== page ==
Joshua Seidman

Portrait of Joshua Seidman

Dr. Seidman leads the Meaningful Use Division in the Office of the National Coordinator for Health Information Technology (ONC) at the U.S. Department of Health and Human Services. In this role, Seidman works to evolve meaningful use practice and policy; help providers become meaningful users of health IT through ONC’s Regional Extension Center Program; and oversee ONC’s e-Quality Measurement agenda.

During two decades in health care, Dr. Seidman has focused on quality measurement and improvement; the intersection of e-health and health services research; and structuring consumer e-health interventions to support improved health behaviors and informed decision making. Previously, Dr. Seidman was the founding President of the Center for Information Therapy, which advanced the practice and science of using health IT to deliver tailored information to consumers to help them make better health decisions. At the IxCenter, Seidman focused on stimulating innovation, diffusing best practices, and evangelizing for a patient-centered orientation to implementation of health IT applications.

Dr. Seidman has also served as Director of Measure Development at the National Committee for Quality Assurance and has done research and analysis related to providers at the American College of Cardiology and the Advisory Board Company.

Seidman earned a Ph.D. in Health Services Research and an M.H.S. in Health Policy & Management from Johns Hopkins School of Public Health. He has a B.A. in Political Science from Brown University.

Joshua Seidman's Latest Blog Posts

Joint Hearing to Conceptualize Clinical Quality for Meaningful Use Stage 3

Joshua Seidman | June 19, 2012

Recognizing the importance of evolving quality concepts within the Electronic Health Record (EHR) Incentive Programs, two ONC federal advisory committee workgroups jointly held a full day hearing on June 7, 2012 to identify ways in which Meaningful Use Stage 3 may advance the consistent delivery of high quality care in diverse care settings. Experts from health care delivery organizations, quality improvement organizations, industry, and academia shared insights regarding how clinical decision support,

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Federal Advisory Committees Seeking Input on Incorporation of Patient-Generated Data for Stage 3 Meaningful Use

Joshua Seidman | June 18, 2012

ONC’s federal advisory committees (FACAs) held a full-day hearing on June 8 (written testimony can be found here) to explore how patient-generated health data (PGHD) might be incorporated into Meaningful Use (MU) of EHRs for Stage 3 of the EHR Incentive Programs. Some examples of PGHD are data from a patient’s personal health record, data from a blood glucose monitor, or information about a patient’s functional status. Three FACA workgroups hosted the hearing: The Health IT Policy Committee’s MU and Quality Measurement Workgroups,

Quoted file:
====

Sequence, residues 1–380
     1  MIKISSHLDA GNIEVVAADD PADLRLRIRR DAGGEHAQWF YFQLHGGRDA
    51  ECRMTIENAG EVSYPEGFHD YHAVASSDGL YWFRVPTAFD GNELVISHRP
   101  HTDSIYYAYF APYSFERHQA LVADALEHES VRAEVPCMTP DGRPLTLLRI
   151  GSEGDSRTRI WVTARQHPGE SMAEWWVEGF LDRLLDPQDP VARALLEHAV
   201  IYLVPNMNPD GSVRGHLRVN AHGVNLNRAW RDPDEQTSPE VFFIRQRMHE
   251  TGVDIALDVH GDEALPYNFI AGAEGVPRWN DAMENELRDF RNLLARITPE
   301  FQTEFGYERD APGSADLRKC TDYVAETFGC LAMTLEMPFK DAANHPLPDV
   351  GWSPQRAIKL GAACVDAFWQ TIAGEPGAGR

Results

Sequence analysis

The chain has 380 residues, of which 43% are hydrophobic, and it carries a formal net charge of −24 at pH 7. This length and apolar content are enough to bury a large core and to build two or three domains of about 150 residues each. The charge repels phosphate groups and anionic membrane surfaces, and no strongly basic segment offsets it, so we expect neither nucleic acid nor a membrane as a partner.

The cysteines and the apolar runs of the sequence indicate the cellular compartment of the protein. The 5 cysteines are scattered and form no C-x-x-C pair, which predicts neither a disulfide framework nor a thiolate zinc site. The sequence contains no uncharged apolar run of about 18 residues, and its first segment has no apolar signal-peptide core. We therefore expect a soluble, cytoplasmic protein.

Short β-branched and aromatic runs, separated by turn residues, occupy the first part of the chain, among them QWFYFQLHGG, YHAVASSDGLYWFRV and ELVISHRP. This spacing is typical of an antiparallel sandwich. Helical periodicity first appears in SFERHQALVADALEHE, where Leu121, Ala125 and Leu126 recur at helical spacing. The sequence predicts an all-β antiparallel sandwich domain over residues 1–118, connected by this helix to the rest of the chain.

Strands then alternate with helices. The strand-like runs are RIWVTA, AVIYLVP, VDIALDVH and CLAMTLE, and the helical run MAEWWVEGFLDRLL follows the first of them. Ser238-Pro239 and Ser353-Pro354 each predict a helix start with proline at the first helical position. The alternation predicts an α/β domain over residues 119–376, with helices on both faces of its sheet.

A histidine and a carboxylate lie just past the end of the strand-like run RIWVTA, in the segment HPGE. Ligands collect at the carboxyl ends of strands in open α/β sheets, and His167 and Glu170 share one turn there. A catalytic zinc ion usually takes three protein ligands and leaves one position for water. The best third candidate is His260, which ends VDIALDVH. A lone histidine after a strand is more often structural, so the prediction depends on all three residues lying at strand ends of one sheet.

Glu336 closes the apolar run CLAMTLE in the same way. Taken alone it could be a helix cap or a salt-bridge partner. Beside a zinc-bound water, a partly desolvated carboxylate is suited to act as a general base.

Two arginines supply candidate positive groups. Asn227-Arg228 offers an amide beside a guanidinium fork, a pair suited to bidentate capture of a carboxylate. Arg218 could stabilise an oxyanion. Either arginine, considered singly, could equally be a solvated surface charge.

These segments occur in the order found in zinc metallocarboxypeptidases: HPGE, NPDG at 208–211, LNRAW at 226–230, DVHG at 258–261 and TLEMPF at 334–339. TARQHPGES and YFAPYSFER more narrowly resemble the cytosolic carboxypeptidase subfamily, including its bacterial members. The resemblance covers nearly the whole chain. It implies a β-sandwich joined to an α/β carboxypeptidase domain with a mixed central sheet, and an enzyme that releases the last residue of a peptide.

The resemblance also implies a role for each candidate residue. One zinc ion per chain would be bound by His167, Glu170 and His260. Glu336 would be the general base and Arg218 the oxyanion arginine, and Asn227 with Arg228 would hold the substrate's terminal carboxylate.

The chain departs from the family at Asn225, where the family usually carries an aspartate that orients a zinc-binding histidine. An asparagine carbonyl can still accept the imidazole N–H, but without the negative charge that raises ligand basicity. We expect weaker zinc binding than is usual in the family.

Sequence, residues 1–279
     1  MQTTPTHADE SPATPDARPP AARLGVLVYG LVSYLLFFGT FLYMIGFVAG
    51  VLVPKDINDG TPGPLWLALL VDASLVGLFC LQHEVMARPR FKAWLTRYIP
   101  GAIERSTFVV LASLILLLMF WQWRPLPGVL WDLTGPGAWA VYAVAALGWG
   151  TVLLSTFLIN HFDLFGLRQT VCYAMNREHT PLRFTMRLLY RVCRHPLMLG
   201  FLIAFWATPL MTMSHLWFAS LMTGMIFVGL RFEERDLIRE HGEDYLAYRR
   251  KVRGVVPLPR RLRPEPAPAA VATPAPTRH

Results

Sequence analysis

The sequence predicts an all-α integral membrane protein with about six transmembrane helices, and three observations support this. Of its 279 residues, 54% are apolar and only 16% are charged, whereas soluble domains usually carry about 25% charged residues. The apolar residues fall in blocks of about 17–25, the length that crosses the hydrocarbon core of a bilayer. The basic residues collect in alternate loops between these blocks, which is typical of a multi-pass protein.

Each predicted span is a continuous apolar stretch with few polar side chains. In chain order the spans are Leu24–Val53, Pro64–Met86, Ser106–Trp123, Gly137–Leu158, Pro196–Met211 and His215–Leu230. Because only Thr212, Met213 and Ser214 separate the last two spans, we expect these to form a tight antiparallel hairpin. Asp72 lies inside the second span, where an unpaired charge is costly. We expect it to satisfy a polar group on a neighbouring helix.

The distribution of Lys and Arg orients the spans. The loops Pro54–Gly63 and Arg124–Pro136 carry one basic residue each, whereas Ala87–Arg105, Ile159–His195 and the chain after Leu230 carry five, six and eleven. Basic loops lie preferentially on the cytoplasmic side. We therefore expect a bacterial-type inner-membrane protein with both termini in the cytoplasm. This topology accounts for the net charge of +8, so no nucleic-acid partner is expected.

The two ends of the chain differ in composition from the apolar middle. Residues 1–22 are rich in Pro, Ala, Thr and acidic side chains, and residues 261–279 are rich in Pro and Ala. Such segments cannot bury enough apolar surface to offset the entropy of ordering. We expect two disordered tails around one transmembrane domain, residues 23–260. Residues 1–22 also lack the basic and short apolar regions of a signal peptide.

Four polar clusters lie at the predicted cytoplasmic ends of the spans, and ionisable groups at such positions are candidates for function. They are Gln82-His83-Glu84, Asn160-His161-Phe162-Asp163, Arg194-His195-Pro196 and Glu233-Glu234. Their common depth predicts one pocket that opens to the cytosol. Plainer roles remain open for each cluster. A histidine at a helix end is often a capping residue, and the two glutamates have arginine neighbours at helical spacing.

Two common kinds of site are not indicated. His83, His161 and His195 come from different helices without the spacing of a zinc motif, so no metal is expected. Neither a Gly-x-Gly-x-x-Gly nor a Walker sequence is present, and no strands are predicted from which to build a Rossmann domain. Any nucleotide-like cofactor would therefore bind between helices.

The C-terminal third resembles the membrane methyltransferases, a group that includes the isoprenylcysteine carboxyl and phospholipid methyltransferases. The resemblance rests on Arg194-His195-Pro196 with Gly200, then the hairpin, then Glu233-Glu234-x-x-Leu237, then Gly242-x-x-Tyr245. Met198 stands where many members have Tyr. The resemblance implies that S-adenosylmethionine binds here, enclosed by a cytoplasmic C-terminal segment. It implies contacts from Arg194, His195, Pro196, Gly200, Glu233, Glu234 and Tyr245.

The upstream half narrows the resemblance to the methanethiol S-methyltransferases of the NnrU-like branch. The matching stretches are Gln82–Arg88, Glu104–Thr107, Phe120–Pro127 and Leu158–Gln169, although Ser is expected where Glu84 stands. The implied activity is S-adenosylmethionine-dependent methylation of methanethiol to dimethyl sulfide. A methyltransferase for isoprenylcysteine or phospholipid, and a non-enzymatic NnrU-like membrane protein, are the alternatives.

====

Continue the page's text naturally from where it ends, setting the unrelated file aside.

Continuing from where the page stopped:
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Public Input Shaped the Guiding Principles for Stage 2 Meaningful Use NPRM

Joshua Seidman | March 27, 2012

The Department of Health and Human Services (HHS) recently released two notices of proposed rulemaking (NPRMs) related to Stage 2 of the Medicare and Medicaid EHR Incentive Programs that detail proposed Meaningful Use requirements for providers and the Standards & Certification Criteria (S&CC) that delineate proposed requirements for certified EHR products. The vast majority of the proposed criteria derive from the two federal advisory committees that have been lauded as a model for public,

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EMR vs EHR – What is the Difference?

Joshua Seidman | January 4, 2011

What’s in a word? Or, even one letter of an acronym?
Some people use the terms “electronic medical record” and “electronic health record” (or “EMR” and “EHR”) interchangeably. But here at the Office of the National Coordinator for Health Information Technology (ONC), you’ll notice we use electronic health record or EHR almost exclusively. While it may seem a little picky at first, the difference between the two terms is actually quite significant.

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ONC’s Work to Stimulate Innovation and Diffuse EHR Best Practices

Joshua Seidman | December 28, 2009

A recent New Yorker article by Atul Gawande skillfully draws an analogy between today’s health care crisis and the food crisis our country faced a century ago. Whereas the heath care system currently consumes about 17% of the U.S. economy, Americans spent more than 40% of their income on food at the turn of the last century. Like our current health care system, there existed a huge chasm between what science suggested could be achieved in improved quality and productivity and how farmers dispersed throughout the country were actually practicing.

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